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Deploying RFID Is Less Risky
Mature hardware and software—and solutions tested by early adopters—mean less trial and error for companies adopting the technology today.
Apr 03, 2015—
Passive ultrahigh-frequency radio frequency identification systems have been available for roughly a decade. Passive low-frequency and high-frequency and active RFID systems have been around longer than that. Each year, the various solutions become more robust, new products are developed, and technology standards make tags and readers more reliable. The increasing maturation of the technology means less risk for companies seeking to deploy RFID today.
Five or six years ago, a firm that wanted to track and manage, say, hoists on a construction site, sections of oil pipe or surgery scalpels had to work with an RFID company to develop tags specifically for its needs. It then had to test the tags and make refinements until it had a workable solution. It was a time-consuming and expensive process, with no guaranteed outcome.
Many end users are surprised to learn that there is a tag for almost any product or application. Last year at RFID Journal LIVE!, for example, Richard Parker, a senior plasma receiving supervisor at Grifols, a global developer of life-saving protein therapies, visited several exhibitors and told them what he was trying to do. "There were a few 'wow' moments," he says, explaining they understood exactly what he was looking for and could provide a solution.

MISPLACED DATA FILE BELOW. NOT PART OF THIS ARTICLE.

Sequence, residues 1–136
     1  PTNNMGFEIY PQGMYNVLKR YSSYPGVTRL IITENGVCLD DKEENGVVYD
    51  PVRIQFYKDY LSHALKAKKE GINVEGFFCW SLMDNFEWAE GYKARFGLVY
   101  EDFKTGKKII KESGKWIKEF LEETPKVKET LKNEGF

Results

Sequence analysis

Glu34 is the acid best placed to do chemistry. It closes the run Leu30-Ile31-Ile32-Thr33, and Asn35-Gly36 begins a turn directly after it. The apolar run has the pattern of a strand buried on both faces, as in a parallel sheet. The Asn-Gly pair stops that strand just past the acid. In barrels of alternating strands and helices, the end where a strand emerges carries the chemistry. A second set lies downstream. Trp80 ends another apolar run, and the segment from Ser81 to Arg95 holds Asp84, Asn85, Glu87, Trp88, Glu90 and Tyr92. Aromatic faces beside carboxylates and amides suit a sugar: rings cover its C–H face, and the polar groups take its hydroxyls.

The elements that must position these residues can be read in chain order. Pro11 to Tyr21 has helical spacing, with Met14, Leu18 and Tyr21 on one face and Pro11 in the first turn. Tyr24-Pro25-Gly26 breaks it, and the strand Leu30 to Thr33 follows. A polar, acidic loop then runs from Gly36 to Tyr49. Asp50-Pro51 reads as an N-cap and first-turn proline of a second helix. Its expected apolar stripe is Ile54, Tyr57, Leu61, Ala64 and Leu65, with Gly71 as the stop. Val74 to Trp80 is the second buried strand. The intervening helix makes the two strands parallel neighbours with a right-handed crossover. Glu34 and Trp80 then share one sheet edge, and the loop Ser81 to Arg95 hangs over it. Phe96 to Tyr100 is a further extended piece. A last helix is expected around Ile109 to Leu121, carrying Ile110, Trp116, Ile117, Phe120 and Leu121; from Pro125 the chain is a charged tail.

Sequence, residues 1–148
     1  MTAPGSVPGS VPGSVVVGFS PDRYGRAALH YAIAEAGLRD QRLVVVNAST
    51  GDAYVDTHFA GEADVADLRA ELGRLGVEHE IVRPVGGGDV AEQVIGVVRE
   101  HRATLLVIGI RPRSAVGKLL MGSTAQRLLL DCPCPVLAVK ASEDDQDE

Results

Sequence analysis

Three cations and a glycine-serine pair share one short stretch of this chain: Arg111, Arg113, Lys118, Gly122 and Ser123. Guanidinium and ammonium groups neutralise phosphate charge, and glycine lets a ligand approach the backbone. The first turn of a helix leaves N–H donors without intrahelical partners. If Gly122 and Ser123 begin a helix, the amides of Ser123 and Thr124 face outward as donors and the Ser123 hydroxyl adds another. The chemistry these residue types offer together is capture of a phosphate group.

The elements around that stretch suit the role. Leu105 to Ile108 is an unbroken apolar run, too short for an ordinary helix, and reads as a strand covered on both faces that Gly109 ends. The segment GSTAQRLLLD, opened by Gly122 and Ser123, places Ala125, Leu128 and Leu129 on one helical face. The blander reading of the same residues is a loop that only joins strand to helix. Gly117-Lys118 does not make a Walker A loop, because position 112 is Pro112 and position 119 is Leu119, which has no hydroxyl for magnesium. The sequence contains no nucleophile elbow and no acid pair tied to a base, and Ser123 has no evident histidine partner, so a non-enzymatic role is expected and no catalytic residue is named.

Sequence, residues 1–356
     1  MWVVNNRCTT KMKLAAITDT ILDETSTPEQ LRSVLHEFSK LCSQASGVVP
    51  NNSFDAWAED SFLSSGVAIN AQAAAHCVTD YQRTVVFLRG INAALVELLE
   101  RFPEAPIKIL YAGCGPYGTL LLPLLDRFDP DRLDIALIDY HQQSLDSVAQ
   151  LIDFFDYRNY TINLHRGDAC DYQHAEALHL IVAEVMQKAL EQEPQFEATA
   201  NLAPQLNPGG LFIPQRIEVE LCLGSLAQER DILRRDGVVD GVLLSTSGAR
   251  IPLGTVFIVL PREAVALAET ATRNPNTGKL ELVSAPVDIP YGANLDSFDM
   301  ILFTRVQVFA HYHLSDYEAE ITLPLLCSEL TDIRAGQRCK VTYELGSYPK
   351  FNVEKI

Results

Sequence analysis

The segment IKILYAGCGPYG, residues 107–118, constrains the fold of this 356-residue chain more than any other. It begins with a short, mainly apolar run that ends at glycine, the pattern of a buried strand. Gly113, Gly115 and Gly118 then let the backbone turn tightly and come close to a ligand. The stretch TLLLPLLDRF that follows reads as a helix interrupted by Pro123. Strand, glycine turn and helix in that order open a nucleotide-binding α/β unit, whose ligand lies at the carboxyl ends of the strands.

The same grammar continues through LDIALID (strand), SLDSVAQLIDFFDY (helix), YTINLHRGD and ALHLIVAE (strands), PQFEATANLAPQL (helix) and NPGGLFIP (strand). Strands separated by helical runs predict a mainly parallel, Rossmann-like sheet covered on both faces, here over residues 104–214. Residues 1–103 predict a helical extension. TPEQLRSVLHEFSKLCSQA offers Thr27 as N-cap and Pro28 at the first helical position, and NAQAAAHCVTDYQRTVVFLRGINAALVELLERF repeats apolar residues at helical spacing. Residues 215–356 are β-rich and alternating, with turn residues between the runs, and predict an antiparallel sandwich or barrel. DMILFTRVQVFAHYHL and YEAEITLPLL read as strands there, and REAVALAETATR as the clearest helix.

Miguel Torrejon, cell leader at GE Power & Water, who also attended LIVE! 2014, had a similar experience: "The number of suppliers and vendors that are out there for this technology—I wasn't expecting that many."
Among the new tags that will be on display at this year's RFID Journal LIVE! are passive tags that monitor voltage, strain and moisture. They could be embedded in buildings and other environments on a large scale, because they are inexpensive and have no batteries to change.
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